Jim Dwyer of The New York Times died

It was appropriate that His last column is in the New York Times On May 26, Jim Dwyer wrote of his great-grandmother’s quiet heroism in saving her family during the 1918 influenza pandemic.

It was known as Nan the Point from a remote area near Killorglin in Co Kerry. Her daughter Marie, son-in-law Buddy, and her seven children all contracted the Spanish flu and were helpless in its aftermath, gathering cold and sick in a small hut.

Every day, elderly Nan the Pointe, who somehow succeeded unharmed, climbed the mountainside with a bowl of potatoes and vegetables for her hungry daughter’s family.

Somehow he survived, and the Dwyer children who were rescued after separate years arrived in the world. One of them ended up in New York, Jim Dwyer was his grandson.

He made the point in Dwyer’s unique style that without Nan the Point and the unknown heroes of the pandemic we are fighting today, new generations would never survive.

It was a typical Dwyer column, beautifully written and visualized and conveying a lesson on forgotten heroes from the past year whose footprints survived and today’s heroes such as the low-paid migrant women cleaning ladies, cooks and assistants who helped save many lives.

Dwyer had amazing compassion and insight into the lives of those who struggled in life. She accompanied him in a few of his interviews and quickly learned why he was a master of prose. Details weren’t too few, and no angle was revealed. The final product was more like a well-polished jewel, impossible to match.

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Dwyer was a member of Mick Clique, a group of incredibly talented columnists like Jimmy Breslin, Pete Hamill, Mike McAlary, Dan Barry and Dwyer who changed New York and changed it with their writing.

Dwyer transformed prose into poetry, regardless of context. He rides on the rails every day on the New York subway and covers every event imaginable. He had seen a snake on the train, a chicken-sacrifice ritual, but it wasn’t just strange events, it traced the stories of the lives of those who rode the rails, giving us an insight into the hidden lives of millions of metro riders.

He never forgot little people, actually celebrated them, and told the power truth about them. No wonder Rudy Giuliani hated him. Jim Bar was so righteous that he did not let Mussolini’s tendencies toward Giuliani go unnoticed. He was among the first to suggest that the Central Park Five, the young black men falsely accused of raping and severely beating a white runner, were innocent. Donald Trump wanted them to be executed.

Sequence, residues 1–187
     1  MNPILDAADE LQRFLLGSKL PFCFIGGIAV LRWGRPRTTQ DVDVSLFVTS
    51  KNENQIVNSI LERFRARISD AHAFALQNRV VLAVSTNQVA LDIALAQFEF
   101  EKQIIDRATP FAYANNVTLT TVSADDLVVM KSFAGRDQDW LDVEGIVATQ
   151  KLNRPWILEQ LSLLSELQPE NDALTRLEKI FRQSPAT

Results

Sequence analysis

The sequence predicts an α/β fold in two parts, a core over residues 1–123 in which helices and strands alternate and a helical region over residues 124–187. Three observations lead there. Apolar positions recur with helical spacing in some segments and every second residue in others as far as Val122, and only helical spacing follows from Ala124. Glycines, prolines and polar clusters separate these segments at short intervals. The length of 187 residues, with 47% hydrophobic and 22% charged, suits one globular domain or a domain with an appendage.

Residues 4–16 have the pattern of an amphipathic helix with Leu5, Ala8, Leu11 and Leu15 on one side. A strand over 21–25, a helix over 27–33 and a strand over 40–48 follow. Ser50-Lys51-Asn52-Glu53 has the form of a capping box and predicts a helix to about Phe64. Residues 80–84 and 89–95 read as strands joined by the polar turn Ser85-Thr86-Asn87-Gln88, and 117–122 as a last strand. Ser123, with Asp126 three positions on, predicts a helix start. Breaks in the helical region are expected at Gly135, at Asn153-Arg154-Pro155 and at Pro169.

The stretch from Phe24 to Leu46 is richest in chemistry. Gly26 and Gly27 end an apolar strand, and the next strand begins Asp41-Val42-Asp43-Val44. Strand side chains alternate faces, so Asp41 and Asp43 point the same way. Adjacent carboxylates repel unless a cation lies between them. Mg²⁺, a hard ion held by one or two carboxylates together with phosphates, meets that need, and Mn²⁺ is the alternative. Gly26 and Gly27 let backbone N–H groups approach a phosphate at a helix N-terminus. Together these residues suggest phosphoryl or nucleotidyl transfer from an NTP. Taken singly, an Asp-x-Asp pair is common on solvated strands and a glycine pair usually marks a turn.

On September 11th, he interviewed a resident of the Twin Towers even as the man faced certain death when fire broke out towards him. Writing “102 minutesRecord the events of that day, what mistakes were made, and what feats were done better than any other publication.

He had written a book about the 1993 World Trade Center bombing and instantly connected who the bombers were.

It covered the US invasion of Iraq as only Jim could, escorting the US military there and relaying the daily struggles and lives of soldiers on the ground and ignoring the generals.

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Jim also put the case of Rory Staunton, my 12-year-old nephew who died of sepsis in 2012 after horrific hospital care, on the front page of the New York Times and sparked a movement to make parents around the world more aware of the disease.

He was loved as Senator Chuck Schumer said: “I am deeply saddened to hear of the death of a great New Yorker and proud Irish American, Pulitzer Prize-winning journalist Jim Dwyer. His loss left a big hole in the New York media landscape and in our hearts. “

When we started American Irish Magazine And Irish Voice newspaper (the sister publication of IrishCentral), he was incredibly generous with his time and advice. He wrote a column about our endeavors that makes me laugh to this day, describing our first office on the top floor of a Turkish carpet company that Turks work with with a Jewish company on the same floor. It was a New York mix that only Dwyer could call and had a great read.

We went to Northern Ireland together and I was able to tell him when the 1994 IRA ceasefire was going to be announced, and I’m glad to say that helped him. Pulitzer won as his Irish columns are cited.

He had originally planned to become a doctor, but a period with the publication of a Fordham University student changed his mind. Losing medicine was a gain for writing.

In the past few months as he bravely grapples with his illness, Jim has been upbeat with his texts and emails. He was a gentleman to the tips of his toes, and he was one of the most insightful, funny, and lovable people I have ever met.

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His parents are Keri and Galway, my deepest sympathy is with his wonderful wife Cathy, and children Kathleen and Moira.

He’s with Nan the Point now, and there’s no doubt he’s squeezing the minutest details of how to save his family. The truth was important to Jim Dwyer and he lived it. Irreplaceable. He said in his own words in his last column:

“I am one of 45 great-grandchildren who came from the house who did not die because Nan the Pointe left pots of food on a rock, upwind.”

The word was a much better place his family survived.

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